When they do not have the census of the points of sale that they cover, OpenHealth and its European partners allow their customers to follow modeled data on a national basis, ie that is, extrapolated from a sample of points of sale. While these extrapolated data provide our users with a very solid basis for their market analyzes, it nevertheless carries a margin of statistical uncertainty, the magnitude of which depends on several factors detailed below.

## Definitions

### Confidence interval:

A confidence interval frames a real value that we seek to estimate using measurements taken by a random process. This concept makes it possible to define a statistical uncertainty margin.

### Confidence level:

A confidence level represents the level of certainty and is expressed in%. A 95% confidence level is most commonly used in statistical studies.

### Factors impacting the size of the interval for a given confidence level

There are 4 factors that determine the size of the confidence interval for a given confidence level:

Sample size

The percentage

The size of the population

The time period

### The size of the sample

The larger the sample size, the more the results will truly reflect the population. This indicates that for a given confidence level, the larger the sample size, the smaller the confidence interval. However, the relationship is not linear (ie, doubling the sample size does not halve the confidence interval).

### The percentage

Precision also depends on the percentage of the sample that chooses a particular answer. If 99% of the sample answered "Yes" and 1% answered "No", the chances of statistical uncertainty are low, regardless of the sample size. However, if the percentages are 51% and 49%, the chances of statistical uncertainty are much greater. Extreme responses are easier to be sure than intermediate responses.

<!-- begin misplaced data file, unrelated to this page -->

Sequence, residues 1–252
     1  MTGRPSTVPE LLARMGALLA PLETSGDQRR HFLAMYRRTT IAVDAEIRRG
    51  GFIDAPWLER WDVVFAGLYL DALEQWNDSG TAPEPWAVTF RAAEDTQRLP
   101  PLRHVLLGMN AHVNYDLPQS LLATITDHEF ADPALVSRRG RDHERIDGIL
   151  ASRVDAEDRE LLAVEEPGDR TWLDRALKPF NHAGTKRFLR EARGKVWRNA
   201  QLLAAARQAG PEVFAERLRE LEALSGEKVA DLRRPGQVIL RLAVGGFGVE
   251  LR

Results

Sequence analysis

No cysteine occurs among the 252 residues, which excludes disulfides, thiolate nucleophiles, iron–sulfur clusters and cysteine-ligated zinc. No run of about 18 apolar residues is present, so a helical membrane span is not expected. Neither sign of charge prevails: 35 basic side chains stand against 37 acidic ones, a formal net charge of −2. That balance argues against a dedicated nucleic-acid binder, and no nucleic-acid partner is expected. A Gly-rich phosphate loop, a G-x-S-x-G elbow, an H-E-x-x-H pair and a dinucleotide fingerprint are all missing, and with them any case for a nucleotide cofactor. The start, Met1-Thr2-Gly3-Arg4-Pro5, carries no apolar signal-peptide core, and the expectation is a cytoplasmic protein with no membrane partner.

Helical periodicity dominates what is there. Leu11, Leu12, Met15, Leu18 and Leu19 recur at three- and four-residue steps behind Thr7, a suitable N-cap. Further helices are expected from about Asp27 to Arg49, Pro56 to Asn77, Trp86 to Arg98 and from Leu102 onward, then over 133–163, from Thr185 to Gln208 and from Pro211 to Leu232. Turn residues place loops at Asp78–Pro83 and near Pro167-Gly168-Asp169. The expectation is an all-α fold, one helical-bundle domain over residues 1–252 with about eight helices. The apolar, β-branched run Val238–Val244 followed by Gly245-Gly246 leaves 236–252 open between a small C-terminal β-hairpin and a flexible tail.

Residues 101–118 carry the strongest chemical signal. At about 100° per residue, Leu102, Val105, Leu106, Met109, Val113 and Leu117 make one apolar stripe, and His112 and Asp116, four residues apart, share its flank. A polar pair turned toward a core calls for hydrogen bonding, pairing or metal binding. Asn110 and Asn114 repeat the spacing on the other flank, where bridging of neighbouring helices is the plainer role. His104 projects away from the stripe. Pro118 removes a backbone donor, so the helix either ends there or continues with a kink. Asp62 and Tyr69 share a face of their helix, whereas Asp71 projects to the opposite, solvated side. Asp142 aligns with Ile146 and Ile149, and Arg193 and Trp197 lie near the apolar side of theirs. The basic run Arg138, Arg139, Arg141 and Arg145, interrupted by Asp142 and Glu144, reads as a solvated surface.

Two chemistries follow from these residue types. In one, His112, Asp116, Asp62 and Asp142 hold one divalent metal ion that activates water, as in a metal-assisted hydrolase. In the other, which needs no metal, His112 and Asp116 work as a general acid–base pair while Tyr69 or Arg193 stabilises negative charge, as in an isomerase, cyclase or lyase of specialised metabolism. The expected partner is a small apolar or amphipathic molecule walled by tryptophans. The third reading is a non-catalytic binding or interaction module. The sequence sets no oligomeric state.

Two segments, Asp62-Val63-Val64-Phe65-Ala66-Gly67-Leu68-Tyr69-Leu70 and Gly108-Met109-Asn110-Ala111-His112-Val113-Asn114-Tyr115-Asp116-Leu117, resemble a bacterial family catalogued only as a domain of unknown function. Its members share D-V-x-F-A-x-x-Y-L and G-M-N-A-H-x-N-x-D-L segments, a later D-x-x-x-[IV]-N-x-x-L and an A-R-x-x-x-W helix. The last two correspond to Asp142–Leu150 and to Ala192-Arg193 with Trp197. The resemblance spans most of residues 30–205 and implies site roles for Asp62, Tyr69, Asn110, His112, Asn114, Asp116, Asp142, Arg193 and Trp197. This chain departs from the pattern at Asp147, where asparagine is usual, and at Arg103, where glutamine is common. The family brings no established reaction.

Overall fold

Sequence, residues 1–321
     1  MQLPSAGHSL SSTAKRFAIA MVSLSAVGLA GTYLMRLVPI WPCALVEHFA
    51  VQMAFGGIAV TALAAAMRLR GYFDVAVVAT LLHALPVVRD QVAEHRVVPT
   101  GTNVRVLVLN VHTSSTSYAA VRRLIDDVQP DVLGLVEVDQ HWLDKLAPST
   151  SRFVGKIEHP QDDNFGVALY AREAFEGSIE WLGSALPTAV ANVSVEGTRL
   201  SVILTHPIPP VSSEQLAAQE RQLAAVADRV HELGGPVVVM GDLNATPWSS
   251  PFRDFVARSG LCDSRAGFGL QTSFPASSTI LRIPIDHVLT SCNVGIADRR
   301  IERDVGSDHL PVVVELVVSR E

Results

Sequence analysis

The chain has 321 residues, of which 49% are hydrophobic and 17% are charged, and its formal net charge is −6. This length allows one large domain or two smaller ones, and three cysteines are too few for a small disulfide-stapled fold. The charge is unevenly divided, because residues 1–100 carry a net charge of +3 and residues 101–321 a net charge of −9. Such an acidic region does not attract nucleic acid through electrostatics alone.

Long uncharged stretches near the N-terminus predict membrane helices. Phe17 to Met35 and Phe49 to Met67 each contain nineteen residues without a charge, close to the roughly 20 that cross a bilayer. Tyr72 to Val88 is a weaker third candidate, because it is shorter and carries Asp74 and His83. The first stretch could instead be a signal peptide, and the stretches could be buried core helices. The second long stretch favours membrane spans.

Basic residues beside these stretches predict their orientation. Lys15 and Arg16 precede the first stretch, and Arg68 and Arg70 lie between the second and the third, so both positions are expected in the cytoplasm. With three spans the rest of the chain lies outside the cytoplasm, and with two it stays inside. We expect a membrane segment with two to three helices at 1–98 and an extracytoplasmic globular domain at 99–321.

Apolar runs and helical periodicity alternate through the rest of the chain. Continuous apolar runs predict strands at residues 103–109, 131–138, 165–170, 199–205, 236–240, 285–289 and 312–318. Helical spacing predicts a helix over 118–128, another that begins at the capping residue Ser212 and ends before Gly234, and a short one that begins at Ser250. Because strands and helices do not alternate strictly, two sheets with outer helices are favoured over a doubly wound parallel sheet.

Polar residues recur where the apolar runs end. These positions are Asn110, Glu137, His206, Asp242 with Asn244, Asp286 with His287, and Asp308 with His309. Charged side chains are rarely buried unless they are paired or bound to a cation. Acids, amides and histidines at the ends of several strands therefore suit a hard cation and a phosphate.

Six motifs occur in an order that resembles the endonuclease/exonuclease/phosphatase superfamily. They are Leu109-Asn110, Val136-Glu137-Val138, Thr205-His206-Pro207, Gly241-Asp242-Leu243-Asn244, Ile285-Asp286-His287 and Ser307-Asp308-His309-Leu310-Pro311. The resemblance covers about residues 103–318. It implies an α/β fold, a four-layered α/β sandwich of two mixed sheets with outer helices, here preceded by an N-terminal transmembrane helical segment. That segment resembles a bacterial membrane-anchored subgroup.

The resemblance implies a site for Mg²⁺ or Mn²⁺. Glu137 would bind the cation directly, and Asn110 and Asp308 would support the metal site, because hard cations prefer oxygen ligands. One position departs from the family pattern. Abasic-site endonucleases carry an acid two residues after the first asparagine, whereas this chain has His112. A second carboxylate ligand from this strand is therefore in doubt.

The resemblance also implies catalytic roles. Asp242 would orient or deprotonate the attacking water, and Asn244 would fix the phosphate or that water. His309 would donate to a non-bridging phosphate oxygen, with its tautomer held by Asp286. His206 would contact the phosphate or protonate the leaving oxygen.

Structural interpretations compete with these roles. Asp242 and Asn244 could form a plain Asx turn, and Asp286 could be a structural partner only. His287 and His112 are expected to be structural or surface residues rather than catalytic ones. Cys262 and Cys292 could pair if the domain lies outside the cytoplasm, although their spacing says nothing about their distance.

### The size of the population

Population size is only likely to be a factor when working with a relatively small population.

### The time period

The Selling Digital Distribution will depend on the time period studied. A DNV will be lower daily and therefore greater uncertainty.

### Sample size formula

Z = Z value (eg 1.96 for 95% confidence level)

p = percentage picking a choice, expressed as decimal (.5 used for sample size needed)

c = confidence interval, expressed as decimal (eg, .04 = ± 4)

### Correction formula for the finite population

## Limitations

Confidence interval calculations assume that you have a true random sample of the affected population.

If your sample is not truly random, you cannot trust the intervals.

## illustrations

For mainland France except Corsica:

If my product has a DNV of

**100%**and extrapolated sales of 100 units, a confidence interval of**0.68%**means that there is 95% of lucky that my actual sales are between 99.32 units and 100.68 units. The uncertainty is low.

If my product has a DNV of

**1%**and extrapolated sales of 100 units, a confidence interval of**9.05%**means there are 95 % chance that my actual sales are between 90.95 units and 109.05 units. The uncertainty is greater.